Cartoon – Look at those Sheep

Editorial cartoon: Who are the real sheep in the face mask debate? |  Editorial | lakegenevanews.net

Cartoon – The Mindless Sheep

Hands on Wisconsin: Anti-maskers are the real sheep | Opinion |  lacrossetribune.com

Nashville nurse, two roommates charged in large Halloween house party

https://www.tennessean.com/story/news/local/2020/12/01/nashville-nurse-roommates-charged-boscobel-halloween-house-party/6474809002/

Nurse along with her two roommates hit with criminal charges for hosting a Halloween  party for 100 | Daily Mail Online

Nashville police are criminally charging three women including a registered nurse for violating Metro Health orders after hosting a large house party on Halloween.

Roommates Madilyn Dennington, Bailey Mills and Olivia Noe, all 23, were issued misdemeanor citations in connection with an Oct. 31 football watch party at their East Nashville home on the 1200 block of Boscobel Street south of Fatherland Street.

Police spokesman Don Aaron said the women were served with court summonses on Monday and are slated to appear on the charges Dec. 16.

According to an arrest affidavit, officers responded about 6:30 p.m. to a complaint about a loud party at the home, heard music blaring and saw several people in the yard. In all, police said they found more than 100 people inside and outside the home.

When officers spoke to Dennington, Mills and Noe outside, they told police they had organized a watch party at their home for a football game, the affidavit states. The officers told the women that at that time, no more than 25 people were permitted to gather in Davidson County unless the gathering was approved by the city.

The women then went inside and told everyone to leave, police reported.

Police then alerted Metro Health officials about the party. Hugh Atkins, Metro Health’s environmental health services director, confirmed the Health Department did not receive an event application for the gathering.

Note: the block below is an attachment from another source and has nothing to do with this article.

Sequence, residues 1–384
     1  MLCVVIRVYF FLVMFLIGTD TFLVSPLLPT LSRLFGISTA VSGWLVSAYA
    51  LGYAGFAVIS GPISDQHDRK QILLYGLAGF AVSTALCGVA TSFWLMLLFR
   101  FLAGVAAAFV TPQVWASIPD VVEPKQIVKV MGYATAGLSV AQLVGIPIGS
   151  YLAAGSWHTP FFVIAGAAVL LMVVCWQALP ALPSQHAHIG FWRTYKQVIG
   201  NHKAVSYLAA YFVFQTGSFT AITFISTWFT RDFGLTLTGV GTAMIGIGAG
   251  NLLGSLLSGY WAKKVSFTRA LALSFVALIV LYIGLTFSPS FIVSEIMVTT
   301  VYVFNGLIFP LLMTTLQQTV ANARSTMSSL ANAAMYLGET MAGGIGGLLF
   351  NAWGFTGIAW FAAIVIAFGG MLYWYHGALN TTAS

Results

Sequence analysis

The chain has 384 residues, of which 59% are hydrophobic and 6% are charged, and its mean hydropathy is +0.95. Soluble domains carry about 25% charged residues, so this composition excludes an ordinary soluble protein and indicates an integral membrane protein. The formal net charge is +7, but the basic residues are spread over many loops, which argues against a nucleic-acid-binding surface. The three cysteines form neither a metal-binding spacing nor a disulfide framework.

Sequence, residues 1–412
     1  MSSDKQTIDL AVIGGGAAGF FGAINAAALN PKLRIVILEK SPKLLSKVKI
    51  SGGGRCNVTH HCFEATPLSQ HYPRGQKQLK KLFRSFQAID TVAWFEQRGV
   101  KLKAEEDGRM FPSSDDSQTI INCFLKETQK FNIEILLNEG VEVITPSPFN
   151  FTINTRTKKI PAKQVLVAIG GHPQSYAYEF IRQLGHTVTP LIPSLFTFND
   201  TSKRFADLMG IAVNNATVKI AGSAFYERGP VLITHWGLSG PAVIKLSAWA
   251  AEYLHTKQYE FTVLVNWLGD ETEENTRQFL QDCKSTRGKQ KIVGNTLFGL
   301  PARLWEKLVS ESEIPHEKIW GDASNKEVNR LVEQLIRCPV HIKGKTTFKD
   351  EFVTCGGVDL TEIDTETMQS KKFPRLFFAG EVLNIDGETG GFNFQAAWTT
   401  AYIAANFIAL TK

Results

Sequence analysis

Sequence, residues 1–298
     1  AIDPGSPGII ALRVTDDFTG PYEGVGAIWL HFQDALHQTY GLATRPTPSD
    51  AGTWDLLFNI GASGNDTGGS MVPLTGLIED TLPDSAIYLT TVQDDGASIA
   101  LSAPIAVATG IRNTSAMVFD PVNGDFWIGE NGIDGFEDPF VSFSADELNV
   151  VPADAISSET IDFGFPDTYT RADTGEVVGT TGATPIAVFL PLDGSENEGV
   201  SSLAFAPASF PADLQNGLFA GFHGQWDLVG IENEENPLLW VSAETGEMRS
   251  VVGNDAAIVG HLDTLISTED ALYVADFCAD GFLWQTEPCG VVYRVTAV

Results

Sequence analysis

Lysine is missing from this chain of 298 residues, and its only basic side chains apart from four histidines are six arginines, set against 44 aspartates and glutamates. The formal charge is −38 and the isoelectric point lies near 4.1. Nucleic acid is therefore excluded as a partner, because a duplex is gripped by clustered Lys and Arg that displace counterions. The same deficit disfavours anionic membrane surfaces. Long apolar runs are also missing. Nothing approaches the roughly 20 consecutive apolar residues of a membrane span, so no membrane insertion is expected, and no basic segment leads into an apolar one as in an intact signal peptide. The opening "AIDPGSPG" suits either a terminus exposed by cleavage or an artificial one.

Early last week, Nashville instituted a “rule of eight,” limiting both public and private events to eight people as the holidays approached — down from the previous 25-person cap. Tighter capacity restrictions on restaurants and bars went into effect in the city on Monday.

On Tuesday, Davidson County reportedan increase of 851 cases in 24 hours — the second-highest ever daily increase. So far 369 people in Nashville have died from the virus.

Meanwhile, Monday’s statewide numbers marked a record high increase in cases. The Tennessee Department of Health announced an increase of 7,975 cases and 48 deaths over the previous 24 hours. So far the virus had caused 4,602 deaths statewide.

A nurse and her roommates

Dennington is a registered nurse at TriStar Skyline Medical Center, authorities said. 

It was not immediately known whether the hospital had taken any disciplinary action against Dennington. She did not return an immediate request for comment and blocked her Facebook page from a Tennessean reporter shortly after being contacted.

“Properly following pandemic regulations is extremely important to help reduce the spread of COVID-19,” Anna-Lee Cockrill, a spokeswoman for TriStar, said regarding the party. “We are looking into this further.”

According to their social media pages, all three roommates formerly attended the University of Mississippi before moving to Nashville, and Dennington and Noe both graduated from the University of Mississippi Medical Center.

Noe and Mills also could not immediately be reached for comment.

More than 50 arrests, 315 citations

Police data shows at least 50 people have been arrested and more than 315 have been cited under local emergency health orders that went into effect earlier this year.

Just this weekend, Nashville police issued nine citations and made one arrest after people refused to wear face masks in public, a mandated action in Davidson County.

As of late November at least dozen people had been arrested on Class A misdemeanor charges after police said they held large house parties and events. Some of them entertained as many as 600 people at a time, police reported. If convicted, they face up to a year in jail and a $2,500 fine.

As of Tuesday, only one of the arrested defendants had pleaded guilty: Jeffrey Mathews, a 36-year-old Goodlettsville dentist arrested for throwing an Aug. 1 house party on Fern Avenue in East Nashville. He was one of two men criminally charged for the party that drew hundreds.

Mathews, who apologized for his actions, was sentenced to three months of probation and eight hours of community service. His co-defendant, Christopher “Shi” Eubank, 40, remained at large Tuesday after failing to appear in court in October for a hearing on three counts of violating emergency health orders.

This is a developing story.

U.S. exceeds 100,000 COVID-related hospitalizations

https://www.axios.com/us-100000-covid-19-hospitalizations-first-time-6c7a6544-1d18-4d63-9f0e-499a44c3f444.html

eople wait outside the Emergency room of the Garfield Medical Center in Monterey Park, California on December 1.

More than 100,200 Americans were hospitalized as of Wednesday due to the coronavirus for the first time since the outbreak began in early 2020, per the COVID Tracking Project.

The big picture: The milestone comes as health officials anticipated cases to surge due to holiday travel and gatherings. The impact of the holiday remains notable, as many states across the country are only reporting partial data.